It’s cumbersome the load that can fit into one week. The hourly planner connects all the dots for my week of appointments, deadlines, emails, bills, chores, and meals.
I could go on.
So Sunday night I put on armor of lists, routines, and tidy things.
The beat begins again on Monday and I hop every note to the song in heavy boots double knotted.
This morning I am jumping through a slow crescendo after small talk with a barista. I turn the car back on with aspirations of familiar notes when I see alerts that my oil is too low.
I could tell you all the reasons the dashboard lights are urgent. I can’t tell you how I’m suppose to now incorporate new music.
Find me the algorithm that proves the load that fits into one day is heavier than a week and I’ll tell you thanks for the definition of anxiety.
Make sure you include how music turns to math, but only the kind that holds scenarios, the kind whose energy is needed to prevent the bad, to keep the good, to pray away deepest fear. That energy is gone by breakfast.
I’m embarrassed already so please keep your eyes from rolling as we sit down to a dinner of leftovers.
When you ask, “How was your day?” Could I instead tell you all the things I kept from stealing it? Let’s start with how the car did not break down because I replaced the oil. . @letsescapril prompt 3 on “anxiety” #escapril2019
((For my daughters and all the daughters to know they are the tulips for this Spring and the hundreds following. And we are here— there will be others— undoubtedly marveling.))
Tulips can push themselves through barely thawed ground without growing claws without wearing armor without the till to soften and fluff their bed.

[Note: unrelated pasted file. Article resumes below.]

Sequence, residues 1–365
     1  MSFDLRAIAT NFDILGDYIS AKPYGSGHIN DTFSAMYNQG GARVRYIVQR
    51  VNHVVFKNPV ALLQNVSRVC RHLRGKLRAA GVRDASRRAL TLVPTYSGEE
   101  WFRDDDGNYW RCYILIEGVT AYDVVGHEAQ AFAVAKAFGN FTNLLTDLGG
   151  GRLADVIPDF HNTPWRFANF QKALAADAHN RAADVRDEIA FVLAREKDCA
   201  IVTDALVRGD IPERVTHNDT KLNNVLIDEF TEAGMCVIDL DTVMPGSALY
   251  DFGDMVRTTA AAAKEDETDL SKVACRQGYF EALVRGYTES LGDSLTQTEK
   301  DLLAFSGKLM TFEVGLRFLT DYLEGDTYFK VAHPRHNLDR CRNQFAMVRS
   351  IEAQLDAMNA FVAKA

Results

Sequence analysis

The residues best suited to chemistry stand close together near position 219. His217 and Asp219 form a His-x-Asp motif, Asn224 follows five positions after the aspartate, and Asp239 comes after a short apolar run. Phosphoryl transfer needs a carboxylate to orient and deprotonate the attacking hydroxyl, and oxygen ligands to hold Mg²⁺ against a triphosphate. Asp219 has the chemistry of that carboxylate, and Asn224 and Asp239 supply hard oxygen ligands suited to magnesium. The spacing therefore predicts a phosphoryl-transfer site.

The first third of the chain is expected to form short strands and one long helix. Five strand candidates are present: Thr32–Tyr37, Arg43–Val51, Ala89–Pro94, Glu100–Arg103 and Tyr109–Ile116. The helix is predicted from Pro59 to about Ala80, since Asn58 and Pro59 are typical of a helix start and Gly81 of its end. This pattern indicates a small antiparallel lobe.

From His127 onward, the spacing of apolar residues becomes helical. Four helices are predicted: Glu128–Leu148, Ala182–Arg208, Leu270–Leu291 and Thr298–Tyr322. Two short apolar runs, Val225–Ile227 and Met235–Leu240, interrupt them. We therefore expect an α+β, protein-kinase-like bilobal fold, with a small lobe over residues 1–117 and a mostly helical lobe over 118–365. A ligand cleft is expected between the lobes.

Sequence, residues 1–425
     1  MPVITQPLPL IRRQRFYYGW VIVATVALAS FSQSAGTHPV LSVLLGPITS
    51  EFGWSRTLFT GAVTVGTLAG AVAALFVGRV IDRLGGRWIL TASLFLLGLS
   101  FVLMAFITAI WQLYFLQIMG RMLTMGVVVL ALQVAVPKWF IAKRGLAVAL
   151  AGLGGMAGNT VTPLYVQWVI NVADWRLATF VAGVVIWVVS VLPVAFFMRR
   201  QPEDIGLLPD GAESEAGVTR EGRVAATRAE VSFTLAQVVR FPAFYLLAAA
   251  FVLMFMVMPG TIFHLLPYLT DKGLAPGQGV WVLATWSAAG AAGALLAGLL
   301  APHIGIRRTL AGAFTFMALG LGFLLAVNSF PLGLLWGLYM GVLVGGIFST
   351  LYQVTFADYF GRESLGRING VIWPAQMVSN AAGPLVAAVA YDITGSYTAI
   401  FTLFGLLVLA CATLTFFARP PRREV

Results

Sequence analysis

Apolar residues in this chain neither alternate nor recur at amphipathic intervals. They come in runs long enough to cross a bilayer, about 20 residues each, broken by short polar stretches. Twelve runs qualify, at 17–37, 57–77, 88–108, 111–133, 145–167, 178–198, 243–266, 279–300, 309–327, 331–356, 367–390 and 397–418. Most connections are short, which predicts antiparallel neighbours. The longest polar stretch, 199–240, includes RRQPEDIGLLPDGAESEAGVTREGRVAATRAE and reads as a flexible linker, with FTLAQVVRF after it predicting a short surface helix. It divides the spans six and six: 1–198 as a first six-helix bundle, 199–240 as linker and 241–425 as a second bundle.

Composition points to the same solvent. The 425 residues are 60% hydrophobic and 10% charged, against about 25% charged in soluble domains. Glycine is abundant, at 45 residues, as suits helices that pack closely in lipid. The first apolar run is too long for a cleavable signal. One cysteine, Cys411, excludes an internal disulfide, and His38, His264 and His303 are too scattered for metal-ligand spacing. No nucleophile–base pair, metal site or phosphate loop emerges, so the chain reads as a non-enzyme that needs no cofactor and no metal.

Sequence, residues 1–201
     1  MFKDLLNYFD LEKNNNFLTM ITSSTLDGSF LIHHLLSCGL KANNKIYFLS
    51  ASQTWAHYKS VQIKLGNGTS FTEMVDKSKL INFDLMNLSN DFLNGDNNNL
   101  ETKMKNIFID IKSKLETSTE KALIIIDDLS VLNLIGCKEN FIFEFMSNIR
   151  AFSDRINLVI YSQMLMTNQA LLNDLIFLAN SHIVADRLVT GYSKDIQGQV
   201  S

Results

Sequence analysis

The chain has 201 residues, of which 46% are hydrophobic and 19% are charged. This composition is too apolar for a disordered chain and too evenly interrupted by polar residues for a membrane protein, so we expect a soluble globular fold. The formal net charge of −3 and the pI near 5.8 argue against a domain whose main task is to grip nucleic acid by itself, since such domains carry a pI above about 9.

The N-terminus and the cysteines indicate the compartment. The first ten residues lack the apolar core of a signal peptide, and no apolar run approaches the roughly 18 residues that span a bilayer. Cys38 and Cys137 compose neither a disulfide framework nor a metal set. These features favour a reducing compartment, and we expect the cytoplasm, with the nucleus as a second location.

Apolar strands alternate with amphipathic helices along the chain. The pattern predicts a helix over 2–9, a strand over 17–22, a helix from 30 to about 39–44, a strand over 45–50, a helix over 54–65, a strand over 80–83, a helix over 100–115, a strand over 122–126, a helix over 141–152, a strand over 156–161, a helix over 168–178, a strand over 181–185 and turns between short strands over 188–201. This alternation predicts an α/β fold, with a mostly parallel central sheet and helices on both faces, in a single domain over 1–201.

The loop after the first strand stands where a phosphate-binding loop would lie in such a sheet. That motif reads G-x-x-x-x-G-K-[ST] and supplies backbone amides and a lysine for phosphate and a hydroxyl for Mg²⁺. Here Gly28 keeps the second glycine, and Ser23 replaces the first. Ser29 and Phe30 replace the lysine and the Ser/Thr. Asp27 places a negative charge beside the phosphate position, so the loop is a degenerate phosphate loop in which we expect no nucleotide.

Their bodies detailed paper with perfect posture even with their load all on top their shoulders.
I like to think they enjoy us marveling at how they lead the season, marveling at how they trust their instinct, marveling at how much we forget we need them, as they smile in blooms and grow in bounty.
In 5th grade Art class our new project was to make clay food. The teacher asked it to be life-like.
But at home I saw a pile of clay berries shiny and perfect sitting on the sill above the sink.
So I decided to make a giant strawberry— different than all the rest— as a surprise gift to the collection.
I didn’t know the teacher would use me as an example of what not to do for years after, asking, “Have you ever seen a strawberry this size?” . I didn’t know 5th grade would give me the lowest grade I’d ever get in Art.
I didn’t know how embarrassed I’d feel for taking a risk and smiling proud as I turned my project into the kiln thinking how creative I had been.
And I didn’t know how long my mom would keep that giant strawberry on the sill proud and asking, “Have you ever seen anything like it?”